Berlin — A group of European Catholic Bishops breathed fresh air into countering the Saudi Grand Mufti’s call to “destroy all the churches” in the Gulf region. Last week, German and Austrian Roman Catholic bishops blasted Grand Mufti Sheikh Abdulaziz Al al-Shaikh for his Islamic religious order – fatwa — as an expression of grave-human rights violations for Christian foreign workers in the region and for the sake of freedom of religion.
According to the Reuters report penned by Tom Heneghan, the wire service’s religion editor , Archbishop Robert Zollitsch, chairman of the German Bishops Conference, said the mufti “shows no respect for the religious freedom and free co-existence of religions”, especially all the foreign laborers who made its economy work. Archbishop Zollitsch continued “It would be a slap in the face to these people if the few churches available to them were to be taken away.”
Giulio Meotti, an Italian journalist with Il Foglio and expert on Christians in the Middle East, told me that the fatwa will have consequences for Christians in the region, and the West should respond with a counter “anti-genocide campaign” based on the U.N.’s Convention on the Prevention and Punishment of the Crime of Genocide, ratified on January 12, 1951.
Sadly, there is no shortage of persecution of Christians in majority-Muslim countries. Iran’s refusal to release the brave Pastor Youcef Nadarkhani, who faces the death penalty for his embrace of Christianity, is a telling example of the horrific anti-Christian environment in the Islamic Republic.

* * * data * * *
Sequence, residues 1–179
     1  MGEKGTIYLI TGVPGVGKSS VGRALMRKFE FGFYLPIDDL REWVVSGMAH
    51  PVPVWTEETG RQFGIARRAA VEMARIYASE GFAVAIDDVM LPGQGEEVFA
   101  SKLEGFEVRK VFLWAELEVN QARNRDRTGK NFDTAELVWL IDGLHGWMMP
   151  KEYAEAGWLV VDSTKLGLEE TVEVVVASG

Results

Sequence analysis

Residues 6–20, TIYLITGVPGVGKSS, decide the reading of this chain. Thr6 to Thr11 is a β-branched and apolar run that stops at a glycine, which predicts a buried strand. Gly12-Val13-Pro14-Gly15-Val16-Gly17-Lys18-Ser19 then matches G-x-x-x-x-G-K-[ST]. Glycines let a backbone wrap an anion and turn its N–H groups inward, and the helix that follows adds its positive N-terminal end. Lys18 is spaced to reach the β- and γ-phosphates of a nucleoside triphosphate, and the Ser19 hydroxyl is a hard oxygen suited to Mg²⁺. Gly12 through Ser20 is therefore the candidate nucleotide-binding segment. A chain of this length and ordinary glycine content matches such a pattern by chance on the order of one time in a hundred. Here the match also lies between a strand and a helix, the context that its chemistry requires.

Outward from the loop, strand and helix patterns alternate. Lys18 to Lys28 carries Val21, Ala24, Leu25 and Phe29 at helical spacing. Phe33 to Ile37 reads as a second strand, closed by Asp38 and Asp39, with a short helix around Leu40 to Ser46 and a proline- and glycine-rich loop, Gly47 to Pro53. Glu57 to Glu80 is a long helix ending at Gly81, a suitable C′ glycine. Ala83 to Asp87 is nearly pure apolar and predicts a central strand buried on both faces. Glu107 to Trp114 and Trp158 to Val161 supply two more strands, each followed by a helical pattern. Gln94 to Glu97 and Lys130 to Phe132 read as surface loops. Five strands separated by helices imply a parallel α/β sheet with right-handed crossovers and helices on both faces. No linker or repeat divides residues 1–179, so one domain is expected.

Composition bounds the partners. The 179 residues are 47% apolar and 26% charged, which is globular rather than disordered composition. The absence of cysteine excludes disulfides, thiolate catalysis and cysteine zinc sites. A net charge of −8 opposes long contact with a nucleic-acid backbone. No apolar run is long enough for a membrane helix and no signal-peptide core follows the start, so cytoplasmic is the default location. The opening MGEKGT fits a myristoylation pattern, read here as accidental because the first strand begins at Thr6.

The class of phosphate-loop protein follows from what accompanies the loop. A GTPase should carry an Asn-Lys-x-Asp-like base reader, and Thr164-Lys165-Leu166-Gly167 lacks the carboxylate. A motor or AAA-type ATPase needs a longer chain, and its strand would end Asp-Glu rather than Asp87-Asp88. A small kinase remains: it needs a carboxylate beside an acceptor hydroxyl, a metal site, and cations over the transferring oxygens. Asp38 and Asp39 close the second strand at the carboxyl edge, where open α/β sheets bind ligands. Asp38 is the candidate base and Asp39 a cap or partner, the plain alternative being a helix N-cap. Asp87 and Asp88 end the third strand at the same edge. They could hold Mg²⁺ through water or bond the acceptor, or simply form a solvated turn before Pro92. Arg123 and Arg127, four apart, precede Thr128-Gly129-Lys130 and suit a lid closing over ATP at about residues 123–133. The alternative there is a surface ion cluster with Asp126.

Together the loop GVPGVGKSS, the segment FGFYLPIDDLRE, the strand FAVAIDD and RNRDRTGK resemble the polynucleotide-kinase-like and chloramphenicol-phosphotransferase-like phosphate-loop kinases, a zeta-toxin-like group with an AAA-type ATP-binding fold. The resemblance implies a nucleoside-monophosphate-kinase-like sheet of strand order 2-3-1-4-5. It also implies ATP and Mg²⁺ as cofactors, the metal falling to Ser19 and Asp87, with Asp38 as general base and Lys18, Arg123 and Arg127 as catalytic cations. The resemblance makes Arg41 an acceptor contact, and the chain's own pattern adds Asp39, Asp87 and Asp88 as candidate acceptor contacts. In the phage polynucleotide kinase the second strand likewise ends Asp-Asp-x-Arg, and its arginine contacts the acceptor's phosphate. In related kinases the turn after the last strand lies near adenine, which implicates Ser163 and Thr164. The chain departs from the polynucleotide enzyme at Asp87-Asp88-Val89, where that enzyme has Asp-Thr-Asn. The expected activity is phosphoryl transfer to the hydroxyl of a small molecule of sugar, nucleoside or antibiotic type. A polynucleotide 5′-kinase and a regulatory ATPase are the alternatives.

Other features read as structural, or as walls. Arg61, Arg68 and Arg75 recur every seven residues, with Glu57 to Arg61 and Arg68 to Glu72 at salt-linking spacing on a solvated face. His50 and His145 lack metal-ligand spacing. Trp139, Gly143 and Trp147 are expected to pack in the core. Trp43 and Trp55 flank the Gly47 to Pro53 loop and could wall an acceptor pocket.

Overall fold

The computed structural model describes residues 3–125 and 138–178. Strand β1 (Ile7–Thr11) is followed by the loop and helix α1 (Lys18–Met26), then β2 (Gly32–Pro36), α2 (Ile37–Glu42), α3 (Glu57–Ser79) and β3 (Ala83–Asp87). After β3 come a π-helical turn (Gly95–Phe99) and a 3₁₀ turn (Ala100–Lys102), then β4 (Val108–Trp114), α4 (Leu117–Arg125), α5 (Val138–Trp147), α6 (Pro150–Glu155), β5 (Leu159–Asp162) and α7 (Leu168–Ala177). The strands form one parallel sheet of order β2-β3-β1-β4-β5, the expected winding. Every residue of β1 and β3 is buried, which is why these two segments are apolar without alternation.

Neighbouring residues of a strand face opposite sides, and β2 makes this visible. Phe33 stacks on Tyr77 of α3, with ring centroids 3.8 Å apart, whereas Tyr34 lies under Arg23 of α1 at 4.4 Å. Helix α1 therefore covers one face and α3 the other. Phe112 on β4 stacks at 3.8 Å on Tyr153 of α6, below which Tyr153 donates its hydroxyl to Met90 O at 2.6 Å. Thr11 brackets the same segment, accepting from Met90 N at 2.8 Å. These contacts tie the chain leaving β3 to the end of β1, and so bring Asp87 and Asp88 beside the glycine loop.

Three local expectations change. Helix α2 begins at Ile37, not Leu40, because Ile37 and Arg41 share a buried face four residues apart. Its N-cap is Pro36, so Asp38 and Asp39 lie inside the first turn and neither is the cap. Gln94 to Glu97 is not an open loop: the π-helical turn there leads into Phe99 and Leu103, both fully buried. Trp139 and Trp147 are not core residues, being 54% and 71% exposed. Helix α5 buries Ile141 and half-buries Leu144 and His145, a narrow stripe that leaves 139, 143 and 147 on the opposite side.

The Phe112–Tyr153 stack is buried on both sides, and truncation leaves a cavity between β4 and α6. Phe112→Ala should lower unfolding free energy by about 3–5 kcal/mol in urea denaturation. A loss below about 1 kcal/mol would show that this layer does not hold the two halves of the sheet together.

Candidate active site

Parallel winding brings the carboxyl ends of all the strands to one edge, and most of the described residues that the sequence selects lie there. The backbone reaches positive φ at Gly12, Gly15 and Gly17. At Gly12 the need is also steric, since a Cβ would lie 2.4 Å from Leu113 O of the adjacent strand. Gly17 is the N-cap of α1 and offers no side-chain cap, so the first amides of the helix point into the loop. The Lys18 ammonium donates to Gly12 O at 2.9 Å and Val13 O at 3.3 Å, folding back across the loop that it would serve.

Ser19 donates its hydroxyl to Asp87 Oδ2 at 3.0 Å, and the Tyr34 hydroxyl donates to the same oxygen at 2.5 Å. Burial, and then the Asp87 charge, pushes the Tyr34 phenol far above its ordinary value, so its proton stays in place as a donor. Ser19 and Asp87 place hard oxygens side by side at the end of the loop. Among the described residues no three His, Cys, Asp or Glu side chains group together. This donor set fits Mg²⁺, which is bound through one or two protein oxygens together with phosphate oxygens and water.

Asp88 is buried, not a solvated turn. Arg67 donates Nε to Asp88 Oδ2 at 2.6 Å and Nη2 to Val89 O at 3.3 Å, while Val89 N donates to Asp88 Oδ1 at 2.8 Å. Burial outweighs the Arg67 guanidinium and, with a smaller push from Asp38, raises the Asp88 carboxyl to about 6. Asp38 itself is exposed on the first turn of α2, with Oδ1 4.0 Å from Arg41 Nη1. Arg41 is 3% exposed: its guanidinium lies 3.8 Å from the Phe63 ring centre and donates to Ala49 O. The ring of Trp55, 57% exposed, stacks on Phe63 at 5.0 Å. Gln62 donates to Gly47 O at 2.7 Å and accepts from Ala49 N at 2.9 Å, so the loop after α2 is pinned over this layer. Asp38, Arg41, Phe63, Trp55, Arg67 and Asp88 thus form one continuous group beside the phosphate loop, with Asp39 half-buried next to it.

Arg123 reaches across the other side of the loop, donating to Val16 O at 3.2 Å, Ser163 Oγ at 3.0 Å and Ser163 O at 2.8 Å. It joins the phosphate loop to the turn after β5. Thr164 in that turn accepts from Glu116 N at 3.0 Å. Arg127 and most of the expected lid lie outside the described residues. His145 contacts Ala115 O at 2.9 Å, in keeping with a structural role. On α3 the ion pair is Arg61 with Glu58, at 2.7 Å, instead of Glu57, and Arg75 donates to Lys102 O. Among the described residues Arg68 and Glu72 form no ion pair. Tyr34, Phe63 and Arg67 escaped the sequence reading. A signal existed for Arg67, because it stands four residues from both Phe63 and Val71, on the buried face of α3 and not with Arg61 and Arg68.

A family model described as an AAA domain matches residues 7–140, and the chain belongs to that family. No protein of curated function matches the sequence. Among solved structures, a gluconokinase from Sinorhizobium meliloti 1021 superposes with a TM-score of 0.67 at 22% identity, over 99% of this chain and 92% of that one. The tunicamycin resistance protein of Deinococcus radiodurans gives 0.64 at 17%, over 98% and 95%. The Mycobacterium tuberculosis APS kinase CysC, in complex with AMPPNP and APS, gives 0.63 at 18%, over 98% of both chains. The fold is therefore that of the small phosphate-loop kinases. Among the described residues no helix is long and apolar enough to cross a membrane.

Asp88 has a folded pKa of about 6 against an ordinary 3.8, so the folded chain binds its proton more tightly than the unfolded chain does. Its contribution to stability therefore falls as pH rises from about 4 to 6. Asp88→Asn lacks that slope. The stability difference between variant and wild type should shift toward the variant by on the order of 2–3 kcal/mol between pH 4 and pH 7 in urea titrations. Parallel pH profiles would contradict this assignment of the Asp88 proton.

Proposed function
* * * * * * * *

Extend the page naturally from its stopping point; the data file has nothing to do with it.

#more#The persecution of Christians, as the European Bishops noted, is a violation of human rights. A search on the websites of Human Rights Watch in New York on Wednesday showed no condemnations of the grand mufti’s statements. When I reached a spokeswoman in the New York press office, she confirmed that HRW did not issue criticism of the reactionary mufti.
There is, however, a March 28 press release calling on the Saudi regime to “end the arbitrary detention and travel bans inflicted on those who peacefully exercise their freedom of speech or assembly.” Traditionally, it should be noted, HRW has dealt with the Saudis in rather gingerly and non-assertive ways. Sarah Leah Whitson, the controversial anti-Israel head of the Middle East section at Human Rights Watch, played a role in securing Saudi funds to bash Israel — the only country in the region that has experienced a population increase of Middle Eastern Christians.
According to a 2009 Wall Street Journal article, “The delegation arrived to raise money from wealthy Saudis by highlighting HRW’s demonization of Israel. An HRW spokesperson, Sarah Leah Whitson, highlighted HRW’s battles with ‘pro-Israel pressure groups in the US, the European Union and the United Nations.’”
The Journal asked, “Was Ms. Whitson required to wear a burkha, or are exceptions made for visiting anti-Israel ‘human rights’ activists’? Driving a car, no doubt, was out of the question.”
When I called Amnesty International in London on Wednesday, the press office confirmed that AI had not criticized the anti-Christian statements of the grand Saudi mufti. Writing on The Atlantic’s website, Elliott Abrams tackles the right question : “Why don’t more Americans talk about religious abuses in the ultra-conservative kingdom?” The litmus test for a modern and mature understanding of human rights violations will have to address the ongoing destruction of Middle East Christianity.
— Benjamin Weinthal is a Berlin-based fellow at the Foundation for Defense of Democracies.